Inference of parasite local adaptation using two different fitness components

Refardt, D. and Ebert, D.. (2007) Inference of parasite local adaptation using two different fitness components. Journal of Evolutionary Biology, 20 (3). pp. 921-929.

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Official URL: https://edoc.unibas.ch/80868/

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Estimating parasite fitness is central to studies aiming to understand parasite evolution. Theoretical models generally use the basic reproductive rate R-0 to express fitness, yet it is very difficult to quantify R-0 empirically and experimental studies often use fitness components such as infection intensity or infectivity as substitutes. These surrogate measures may be biased in several ways. We assessed local adaptation of the microsporidium Ordospora colligata to its host, the crustacean Daphnia magna using two different parasite fitness components: infection persistence over several host generations in experimental populations and infection intensity in individual hosts. We argue that infection persistence is a close estimator of R-0, whereas infection intensity measures only a component of it. Both measures show a pattern that is consistent with parasite local adaptation and they correlate positively. However, several inconsistencies between them suggest that infection intensity may at times provide an inadequate estimate of parasite fitness.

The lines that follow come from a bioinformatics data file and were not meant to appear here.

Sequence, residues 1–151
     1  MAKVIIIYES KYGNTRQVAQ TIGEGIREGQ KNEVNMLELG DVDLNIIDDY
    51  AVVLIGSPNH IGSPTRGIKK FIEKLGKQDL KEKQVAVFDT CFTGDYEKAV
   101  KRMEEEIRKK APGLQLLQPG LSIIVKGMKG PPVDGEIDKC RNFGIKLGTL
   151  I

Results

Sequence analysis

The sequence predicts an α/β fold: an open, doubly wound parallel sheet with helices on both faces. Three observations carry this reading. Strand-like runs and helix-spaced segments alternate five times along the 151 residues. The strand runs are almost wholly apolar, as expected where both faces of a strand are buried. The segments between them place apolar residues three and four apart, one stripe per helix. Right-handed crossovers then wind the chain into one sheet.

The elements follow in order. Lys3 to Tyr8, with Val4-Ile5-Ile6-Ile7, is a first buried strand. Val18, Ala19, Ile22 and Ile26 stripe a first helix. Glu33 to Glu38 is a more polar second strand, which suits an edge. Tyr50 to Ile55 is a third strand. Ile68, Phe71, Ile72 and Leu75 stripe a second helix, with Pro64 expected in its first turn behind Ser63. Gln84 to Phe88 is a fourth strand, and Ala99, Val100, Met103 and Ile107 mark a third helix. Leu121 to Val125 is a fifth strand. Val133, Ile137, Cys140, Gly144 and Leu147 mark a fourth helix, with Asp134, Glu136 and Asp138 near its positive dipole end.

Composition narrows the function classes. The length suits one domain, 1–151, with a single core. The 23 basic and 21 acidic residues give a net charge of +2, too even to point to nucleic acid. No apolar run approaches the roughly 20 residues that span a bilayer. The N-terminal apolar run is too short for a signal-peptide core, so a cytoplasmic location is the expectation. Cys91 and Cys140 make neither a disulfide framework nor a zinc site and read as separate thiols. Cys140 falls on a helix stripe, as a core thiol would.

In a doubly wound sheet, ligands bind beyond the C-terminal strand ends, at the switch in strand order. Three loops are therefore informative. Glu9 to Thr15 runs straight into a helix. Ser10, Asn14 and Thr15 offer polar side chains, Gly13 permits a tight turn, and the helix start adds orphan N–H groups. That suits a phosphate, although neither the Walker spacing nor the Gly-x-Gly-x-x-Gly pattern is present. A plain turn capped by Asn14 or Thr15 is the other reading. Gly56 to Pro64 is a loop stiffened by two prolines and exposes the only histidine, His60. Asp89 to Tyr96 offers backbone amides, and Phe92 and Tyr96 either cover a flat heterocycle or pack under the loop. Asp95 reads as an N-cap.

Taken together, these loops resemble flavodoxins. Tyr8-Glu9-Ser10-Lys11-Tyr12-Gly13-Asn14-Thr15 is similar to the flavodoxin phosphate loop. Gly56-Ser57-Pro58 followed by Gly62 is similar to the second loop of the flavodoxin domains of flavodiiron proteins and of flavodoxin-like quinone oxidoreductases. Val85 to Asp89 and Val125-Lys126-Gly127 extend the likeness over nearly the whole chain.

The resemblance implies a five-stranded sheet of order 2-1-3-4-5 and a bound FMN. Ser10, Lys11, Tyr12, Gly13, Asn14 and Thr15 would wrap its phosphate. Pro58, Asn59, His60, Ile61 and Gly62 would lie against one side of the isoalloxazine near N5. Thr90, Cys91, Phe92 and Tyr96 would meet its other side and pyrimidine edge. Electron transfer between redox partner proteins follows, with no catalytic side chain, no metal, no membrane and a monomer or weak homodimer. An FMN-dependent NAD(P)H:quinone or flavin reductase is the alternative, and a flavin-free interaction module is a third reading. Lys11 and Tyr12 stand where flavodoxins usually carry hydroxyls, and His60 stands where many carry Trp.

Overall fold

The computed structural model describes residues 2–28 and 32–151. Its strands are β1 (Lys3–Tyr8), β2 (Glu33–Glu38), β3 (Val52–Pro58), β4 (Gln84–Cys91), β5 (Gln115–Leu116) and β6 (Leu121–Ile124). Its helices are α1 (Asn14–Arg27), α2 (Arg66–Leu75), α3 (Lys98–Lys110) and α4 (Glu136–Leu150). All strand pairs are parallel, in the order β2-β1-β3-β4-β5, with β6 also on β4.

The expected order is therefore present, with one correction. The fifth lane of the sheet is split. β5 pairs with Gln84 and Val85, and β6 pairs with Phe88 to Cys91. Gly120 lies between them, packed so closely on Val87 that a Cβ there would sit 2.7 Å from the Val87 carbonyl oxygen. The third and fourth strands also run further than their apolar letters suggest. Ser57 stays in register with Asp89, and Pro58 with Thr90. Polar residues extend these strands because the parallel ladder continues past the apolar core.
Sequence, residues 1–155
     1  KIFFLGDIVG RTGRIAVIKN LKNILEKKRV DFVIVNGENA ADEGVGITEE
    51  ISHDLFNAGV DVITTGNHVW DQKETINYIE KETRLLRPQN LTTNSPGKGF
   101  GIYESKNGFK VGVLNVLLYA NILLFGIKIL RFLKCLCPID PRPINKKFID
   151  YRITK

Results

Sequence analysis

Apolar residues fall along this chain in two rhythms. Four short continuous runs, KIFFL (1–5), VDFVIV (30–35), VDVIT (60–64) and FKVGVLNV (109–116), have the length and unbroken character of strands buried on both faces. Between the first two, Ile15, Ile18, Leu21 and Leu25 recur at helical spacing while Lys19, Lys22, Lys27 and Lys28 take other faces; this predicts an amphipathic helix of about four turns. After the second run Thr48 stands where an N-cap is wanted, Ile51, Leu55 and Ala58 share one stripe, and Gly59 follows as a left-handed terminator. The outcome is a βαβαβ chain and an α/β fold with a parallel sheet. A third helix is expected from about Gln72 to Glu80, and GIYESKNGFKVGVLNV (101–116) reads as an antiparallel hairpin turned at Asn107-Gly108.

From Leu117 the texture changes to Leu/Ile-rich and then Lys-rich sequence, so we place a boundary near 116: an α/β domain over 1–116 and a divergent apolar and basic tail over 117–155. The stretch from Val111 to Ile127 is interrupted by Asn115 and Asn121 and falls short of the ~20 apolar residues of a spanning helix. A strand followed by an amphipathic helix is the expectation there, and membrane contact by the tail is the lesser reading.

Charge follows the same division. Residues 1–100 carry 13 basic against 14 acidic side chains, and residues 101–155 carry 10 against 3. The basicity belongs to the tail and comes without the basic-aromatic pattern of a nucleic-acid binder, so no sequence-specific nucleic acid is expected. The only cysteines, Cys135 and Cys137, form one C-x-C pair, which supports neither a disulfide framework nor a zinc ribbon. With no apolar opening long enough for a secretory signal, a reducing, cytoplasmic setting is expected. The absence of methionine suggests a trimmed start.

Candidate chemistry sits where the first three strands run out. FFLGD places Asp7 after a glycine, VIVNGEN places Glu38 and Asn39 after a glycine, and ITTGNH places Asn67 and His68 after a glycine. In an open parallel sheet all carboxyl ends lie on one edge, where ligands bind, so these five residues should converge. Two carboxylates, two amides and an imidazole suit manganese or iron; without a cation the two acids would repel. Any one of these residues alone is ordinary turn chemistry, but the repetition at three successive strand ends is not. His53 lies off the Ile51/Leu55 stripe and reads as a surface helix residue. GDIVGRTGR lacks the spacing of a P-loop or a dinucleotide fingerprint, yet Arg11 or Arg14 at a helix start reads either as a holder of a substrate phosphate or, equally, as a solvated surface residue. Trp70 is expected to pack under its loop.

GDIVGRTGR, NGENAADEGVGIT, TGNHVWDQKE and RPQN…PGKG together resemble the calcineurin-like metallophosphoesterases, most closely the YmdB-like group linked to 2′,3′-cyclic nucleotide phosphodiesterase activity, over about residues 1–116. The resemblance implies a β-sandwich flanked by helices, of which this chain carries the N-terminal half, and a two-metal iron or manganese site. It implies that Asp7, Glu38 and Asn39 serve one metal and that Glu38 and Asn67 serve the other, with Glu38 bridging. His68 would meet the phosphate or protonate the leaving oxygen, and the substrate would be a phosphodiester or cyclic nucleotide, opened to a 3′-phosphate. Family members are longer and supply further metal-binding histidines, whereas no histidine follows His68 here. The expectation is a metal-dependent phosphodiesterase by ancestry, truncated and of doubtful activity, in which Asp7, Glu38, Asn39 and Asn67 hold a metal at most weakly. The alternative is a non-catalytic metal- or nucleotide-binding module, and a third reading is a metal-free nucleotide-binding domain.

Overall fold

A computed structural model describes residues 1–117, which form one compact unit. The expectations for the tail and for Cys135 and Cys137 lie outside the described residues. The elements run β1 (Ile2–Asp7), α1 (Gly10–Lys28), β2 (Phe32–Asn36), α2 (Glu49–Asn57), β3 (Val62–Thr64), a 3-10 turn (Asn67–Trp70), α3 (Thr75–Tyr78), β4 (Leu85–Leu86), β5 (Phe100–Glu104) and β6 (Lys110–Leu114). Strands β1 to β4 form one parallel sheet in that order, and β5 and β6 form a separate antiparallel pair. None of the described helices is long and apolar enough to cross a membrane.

Faculties and Departments:05 Faculty of Science > Departement Umweltwissenschaften > Integrative Biologie > Evolutionary Biology (Ebert)
UniBasel Contributors:Ebert, Dieter
Item Type:Article, refereed
Article Subtype:Research Article
Note:Publication type according to Uni Basel Research Database: Journal article
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Last Modified:22 Jun 2021 11:42
Deposited On:22 Jun 2021 11:42

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